In the run-up to the financial crisis in 2008, millions of borrowers took out interest-only mortgages. Under this arrangement, borrowers paid an interest payment to their lender, but the balance of the mortgage never reduced. Instead, the mortgage was arranged on the basis that the capital would be repaid through the maturity of an investment, the sale of the property or other means.
According to the Financial Conduct Authority’s most recent review, around 2.6 million interest-only residential mortgages will mature between now and 2041.
If you have an interest-only mortgage, you’re not alone. However, if you don’t have clear plans about how you intend to repay the money that you borrowed, you could end up in a difficult situation at the end of your mortgage term. So, keep reading for ways that you can deal with your interest-only mortgage.
Have a plan in place to repay your interest-only mortgage? Don’t panic!
According to the latest figures from UK Finance, more than 125,000 interest-only mortgages are set to mature in 2020 with a further 550,000 set to end by 2027.
If you have a specific repayment plan in place for your interest-only mortgage, then you don’t need to panic. This may be:
- Savings or investments
- The sale of the property between now and the maturity of your interest-only home loan (assuming you are not in negative equity)
- A bonus or commission from your employer
- The sale of another asset (e.g. a second property)
- An inheritance
However, if you don’t have any plan in place to repay your mortgage, or your assets are insufficient to clear the whole mortgage, you should think about making alternative plans. Here are some ideas.
Convert your mortgage to a repayment basis
One way to ensure you will have repaid your mortgage by the end of the term is to change it to a capital and interest (repayment) basis.
When you do this, part of each payment you make goes towards repaying the capital you borrowed (the rest pays the interest on the loan). If you convert your entire mortgage to a repayment basis, you’ll ensure you repay the whole loan, as long as you keep up your monthly repayments.
Choosing this option will mean your repayments will be higher. So, to keep your mortgage affordable, you may also have to consider changing the term of the mortgage.
Extend your mortgage term
If you convert your mortgage to a repayment basis, you may have to extend the mortgage term in order to keep the monthly repayments affordable to you.
For example, a £200,000 repayment mortgage at an interest rate of 2.5% would cost around £1,885 a month over a ten-year term. Over 20 years your repayments would fall to £1,060 – but bear in mind that the total amount of interest that you pay will be significantly more if you take your mortgage over a longer period (around £28,000 in this example).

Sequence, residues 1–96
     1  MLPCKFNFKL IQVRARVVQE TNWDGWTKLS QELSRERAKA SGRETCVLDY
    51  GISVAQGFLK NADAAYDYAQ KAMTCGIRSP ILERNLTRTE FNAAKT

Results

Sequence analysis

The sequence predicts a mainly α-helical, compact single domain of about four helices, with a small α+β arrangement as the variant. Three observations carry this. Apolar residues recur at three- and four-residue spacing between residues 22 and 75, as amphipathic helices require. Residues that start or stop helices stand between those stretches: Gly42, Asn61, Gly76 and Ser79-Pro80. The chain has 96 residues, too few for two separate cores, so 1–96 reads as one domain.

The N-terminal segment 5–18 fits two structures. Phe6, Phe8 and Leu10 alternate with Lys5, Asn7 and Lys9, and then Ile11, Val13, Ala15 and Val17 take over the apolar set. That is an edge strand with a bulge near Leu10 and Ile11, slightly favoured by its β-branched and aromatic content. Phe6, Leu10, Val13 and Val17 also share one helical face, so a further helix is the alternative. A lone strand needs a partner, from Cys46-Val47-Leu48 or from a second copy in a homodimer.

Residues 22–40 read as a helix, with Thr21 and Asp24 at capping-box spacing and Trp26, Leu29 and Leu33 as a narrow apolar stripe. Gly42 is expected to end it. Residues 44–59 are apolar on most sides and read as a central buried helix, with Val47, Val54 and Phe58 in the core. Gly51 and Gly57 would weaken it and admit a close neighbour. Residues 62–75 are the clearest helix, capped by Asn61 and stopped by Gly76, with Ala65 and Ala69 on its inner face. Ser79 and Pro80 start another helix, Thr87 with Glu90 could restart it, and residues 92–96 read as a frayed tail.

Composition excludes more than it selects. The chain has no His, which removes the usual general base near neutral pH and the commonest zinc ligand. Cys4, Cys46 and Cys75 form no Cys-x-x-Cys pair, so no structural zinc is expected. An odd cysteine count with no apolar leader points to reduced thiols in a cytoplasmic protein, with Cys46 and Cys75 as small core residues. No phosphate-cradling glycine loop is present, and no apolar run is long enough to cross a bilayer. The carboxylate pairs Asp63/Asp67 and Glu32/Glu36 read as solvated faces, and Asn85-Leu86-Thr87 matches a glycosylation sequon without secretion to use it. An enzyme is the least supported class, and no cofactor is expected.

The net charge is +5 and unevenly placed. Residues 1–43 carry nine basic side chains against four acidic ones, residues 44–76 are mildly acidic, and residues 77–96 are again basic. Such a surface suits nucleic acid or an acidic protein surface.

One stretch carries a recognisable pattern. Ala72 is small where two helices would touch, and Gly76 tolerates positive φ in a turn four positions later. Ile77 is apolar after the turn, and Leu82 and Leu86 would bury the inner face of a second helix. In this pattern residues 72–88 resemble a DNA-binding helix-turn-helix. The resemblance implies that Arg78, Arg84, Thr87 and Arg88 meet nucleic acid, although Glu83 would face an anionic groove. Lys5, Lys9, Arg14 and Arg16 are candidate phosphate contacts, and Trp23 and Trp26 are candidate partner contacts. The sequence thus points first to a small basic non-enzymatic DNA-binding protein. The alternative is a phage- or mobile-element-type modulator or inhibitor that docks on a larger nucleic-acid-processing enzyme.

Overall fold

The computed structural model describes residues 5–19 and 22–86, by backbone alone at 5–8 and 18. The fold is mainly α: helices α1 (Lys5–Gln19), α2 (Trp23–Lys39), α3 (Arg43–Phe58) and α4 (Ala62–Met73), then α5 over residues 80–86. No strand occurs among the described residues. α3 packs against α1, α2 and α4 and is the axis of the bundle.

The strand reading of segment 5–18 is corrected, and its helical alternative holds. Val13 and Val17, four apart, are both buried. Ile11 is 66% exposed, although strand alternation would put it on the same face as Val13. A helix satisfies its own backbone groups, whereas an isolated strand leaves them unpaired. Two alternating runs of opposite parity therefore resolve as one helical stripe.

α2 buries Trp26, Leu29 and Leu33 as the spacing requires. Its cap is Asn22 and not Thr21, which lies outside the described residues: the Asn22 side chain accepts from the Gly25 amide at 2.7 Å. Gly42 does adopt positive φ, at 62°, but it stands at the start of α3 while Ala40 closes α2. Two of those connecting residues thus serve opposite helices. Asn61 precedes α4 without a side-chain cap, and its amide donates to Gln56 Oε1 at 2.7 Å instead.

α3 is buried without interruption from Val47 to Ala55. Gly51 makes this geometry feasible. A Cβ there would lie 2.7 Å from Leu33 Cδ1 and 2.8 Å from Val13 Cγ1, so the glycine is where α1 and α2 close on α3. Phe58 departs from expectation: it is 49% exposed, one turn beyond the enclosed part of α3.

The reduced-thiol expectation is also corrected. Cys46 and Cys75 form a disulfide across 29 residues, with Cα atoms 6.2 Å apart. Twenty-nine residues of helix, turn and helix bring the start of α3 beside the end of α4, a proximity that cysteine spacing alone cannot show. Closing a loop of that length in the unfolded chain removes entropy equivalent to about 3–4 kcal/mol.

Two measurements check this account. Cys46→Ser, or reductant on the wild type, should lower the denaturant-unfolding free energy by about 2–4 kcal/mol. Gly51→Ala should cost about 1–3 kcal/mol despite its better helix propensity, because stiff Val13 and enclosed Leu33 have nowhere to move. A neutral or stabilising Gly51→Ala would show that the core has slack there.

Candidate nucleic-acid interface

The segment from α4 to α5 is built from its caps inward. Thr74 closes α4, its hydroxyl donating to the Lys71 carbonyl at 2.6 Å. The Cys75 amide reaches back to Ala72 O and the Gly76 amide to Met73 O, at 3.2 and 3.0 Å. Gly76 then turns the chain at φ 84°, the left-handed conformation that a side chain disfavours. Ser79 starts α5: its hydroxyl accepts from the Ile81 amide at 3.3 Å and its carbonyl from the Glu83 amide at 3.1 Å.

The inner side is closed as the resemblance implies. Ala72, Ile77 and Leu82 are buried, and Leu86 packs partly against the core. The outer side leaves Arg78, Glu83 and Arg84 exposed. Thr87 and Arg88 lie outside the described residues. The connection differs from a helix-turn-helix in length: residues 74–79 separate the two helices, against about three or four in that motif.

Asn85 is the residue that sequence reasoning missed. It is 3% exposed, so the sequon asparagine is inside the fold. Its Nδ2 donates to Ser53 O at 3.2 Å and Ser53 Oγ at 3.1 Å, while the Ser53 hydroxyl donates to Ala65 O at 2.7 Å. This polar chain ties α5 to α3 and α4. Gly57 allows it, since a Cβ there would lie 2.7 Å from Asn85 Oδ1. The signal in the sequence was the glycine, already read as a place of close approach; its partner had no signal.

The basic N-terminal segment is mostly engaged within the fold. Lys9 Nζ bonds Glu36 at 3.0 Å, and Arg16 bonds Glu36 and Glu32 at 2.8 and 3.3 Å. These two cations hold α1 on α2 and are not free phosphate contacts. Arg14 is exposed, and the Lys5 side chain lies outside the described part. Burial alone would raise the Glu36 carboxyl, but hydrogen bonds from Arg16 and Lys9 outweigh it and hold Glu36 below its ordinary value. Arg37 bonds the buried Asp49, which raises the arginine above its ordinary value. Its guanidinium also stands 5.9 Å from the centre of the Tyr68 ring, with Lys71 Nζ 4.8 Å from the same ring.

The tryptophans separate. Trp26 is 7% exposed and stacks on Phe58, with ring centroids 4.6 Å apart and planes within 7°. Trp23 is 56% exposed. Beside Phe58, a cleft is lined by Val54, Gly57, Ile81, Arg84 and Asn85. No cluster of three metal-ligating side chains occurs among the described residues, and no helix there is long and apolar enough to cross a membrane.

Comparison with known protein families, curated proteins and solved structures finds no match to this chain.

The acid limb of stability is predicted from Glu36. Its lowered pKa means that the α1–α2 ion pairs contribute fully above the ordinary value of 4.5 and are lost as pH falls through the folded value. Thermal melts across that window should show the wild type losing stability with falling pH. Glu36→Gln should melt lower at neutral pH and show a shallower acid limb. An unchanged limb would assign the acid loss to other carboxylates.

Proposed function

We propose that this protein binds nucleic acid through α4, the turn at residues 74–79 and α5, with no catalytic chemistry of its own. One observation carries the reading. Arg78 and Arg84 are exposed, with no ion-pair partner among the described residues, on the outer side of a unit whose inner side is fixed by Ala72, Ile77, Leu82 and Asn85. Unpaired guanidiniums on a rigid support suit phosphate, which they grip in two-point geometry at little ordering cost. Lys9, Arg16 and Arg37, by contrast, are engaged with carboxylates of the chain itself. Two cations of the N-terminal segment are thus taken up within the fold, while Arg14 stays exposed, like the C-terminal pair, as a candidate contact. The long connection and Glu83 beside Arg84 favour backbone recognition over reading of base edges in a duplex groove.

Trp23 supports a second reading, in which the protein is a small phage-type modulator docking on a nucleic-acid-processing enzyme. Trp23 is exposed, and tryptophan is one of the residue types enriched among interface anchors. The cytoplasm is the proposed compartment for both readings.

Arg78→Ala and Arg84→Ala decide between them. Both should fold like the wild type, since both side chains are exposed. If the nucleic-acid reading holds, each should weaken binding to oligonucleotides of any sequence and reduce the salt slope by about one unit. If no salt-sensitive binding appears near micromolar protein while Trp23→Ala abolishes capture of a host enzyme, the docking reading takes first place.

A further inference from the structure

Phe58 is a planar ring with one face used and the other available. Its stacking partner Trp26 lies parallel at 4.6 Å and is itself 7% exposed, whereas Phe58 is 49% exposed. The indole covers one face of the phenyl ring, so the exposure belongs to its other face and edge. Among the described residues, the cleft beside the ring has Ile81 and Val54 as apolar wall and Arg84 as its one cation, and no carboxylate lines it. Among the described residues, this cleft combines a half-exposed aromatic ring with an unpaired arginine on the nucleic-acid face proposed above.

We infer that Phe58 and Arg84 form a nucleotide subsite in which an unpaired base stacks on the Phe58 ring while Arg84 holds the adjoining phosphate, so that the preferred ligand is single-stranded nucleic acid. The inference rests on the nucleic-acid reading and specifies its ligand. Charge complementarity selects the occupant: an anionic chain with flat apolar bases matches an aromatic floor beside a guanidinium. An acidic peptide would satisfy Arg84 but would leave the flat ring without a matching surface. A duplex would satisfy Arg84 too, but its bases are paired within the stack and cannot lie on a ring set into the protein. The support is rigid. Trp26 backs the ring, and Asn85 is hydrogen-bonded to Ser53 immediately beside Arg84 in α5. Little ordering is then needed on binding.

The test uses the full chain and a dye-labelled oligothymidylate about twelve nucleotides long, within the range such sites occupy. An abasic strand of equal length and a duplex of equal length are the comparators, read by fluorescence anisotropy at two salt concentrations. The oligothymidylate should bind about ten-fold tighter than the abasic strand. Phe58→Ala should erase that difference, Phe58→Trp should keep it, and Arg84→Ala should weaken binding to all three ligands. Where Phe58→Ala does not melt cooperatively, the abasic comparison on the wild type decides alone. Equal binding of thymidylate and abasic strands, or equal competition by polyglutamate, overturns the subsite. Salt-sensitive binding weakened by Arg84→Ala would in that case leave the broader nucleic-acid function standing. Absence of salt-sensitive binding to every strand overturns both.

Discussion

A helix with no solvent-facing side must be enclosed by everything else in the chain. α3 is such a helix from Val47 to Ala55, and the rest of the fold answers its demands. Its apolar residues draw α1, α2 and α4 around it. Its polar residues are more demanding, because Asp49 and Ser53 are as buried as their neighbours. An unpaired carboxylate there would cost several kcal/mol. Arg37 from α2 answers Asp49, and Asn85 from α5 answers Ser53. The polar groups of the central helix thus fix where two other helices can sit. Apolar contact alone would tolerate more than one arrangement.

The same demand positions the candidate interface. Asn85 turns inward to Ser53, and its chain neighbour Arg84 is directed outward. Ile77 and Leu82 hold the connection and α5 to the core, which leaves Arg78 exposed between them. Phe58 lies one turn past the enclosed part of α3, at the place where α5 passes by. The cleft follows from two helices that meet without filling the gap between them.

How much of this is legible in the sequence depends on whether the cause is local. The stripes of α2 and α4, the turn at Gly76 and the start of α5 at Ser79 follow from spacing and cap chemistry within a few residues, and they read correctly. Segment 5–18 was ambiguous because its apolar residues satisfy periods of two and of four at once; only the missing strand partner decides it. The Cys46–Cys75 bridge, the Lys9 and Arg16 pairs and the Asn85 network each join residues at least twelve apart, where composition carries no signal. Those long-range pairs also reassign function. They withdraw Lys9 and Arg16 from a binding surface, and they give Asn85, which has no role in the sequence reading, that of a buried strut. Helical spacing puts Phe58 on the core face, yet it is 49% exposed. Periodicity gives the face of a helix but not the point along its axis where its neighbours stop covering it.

Even if you are not changing your mortgage to a capital and interest loan, you could still ask your lender to extend your mortgage term.
While this won’t change your repayments or reduce the amount you have to pay back, it will give you additional time to sell the property, or for your investments to grow so they are enough to repay the amount you owe.
Start making overpayments
If you start paying more than your standard interest payment every month, then this will help you to begin to reduce your debt.
Most lenders will allow you to overpay by up to 10% of your outstanding mortgage each year without incurring any early repayment charges. Check the terms of your mortgage to establish how much you can overpay.
Depending on how your mortgage is structured, you may be better off saving up £500 or £1,000 lump sums and paying these off your mortgage on an ad hoc basis rather than paying a few extra pounds every month.
Sell your home and move
If there is equity in your home, you may decide to sell your property and use the proceeds to repay your mortgage in full. You may then have sufficient funds left to downsize or buy a cheaper property.
Over 55? Equity release or a retirement interest-only mortgage could be an option
If you have an interest-only mortgage and you’re aged over 55, there are a couple of lending products that may be suitable for you.
Retirement interest-only mortgage
A retirement interest-only mortgage works in a very similar way to a traditional interest-only loan. You are required to make a monthly repayment equal to the interest on the loan, and the lender receives the capital when:
- Your home is sold
- A homeowner dies
- A homeowner moves into long-term care.
Figures from the Equity Release Council show that over-55 homeowners released £988 million from property in the third quarter of 2019.
Equity release does not require proof of any income or affordability. A lender takes a legal charge over your home in exchange for a cash lump sum, and you can use part or all of this lump sum to repay your existing interest-only mortgage.
Some equity release schemes allow you to ‘roll up’ the interest, meaning that you do not have to make a monthly repayment. Other schemes require you to pay the interest every month.
Get in touch
If you have an interest-only mortgage and you’d benefit from advice on the right solution for you, please get in touch. Email firstname.lastname@example.org or call (0207) 808 4120 to find out more.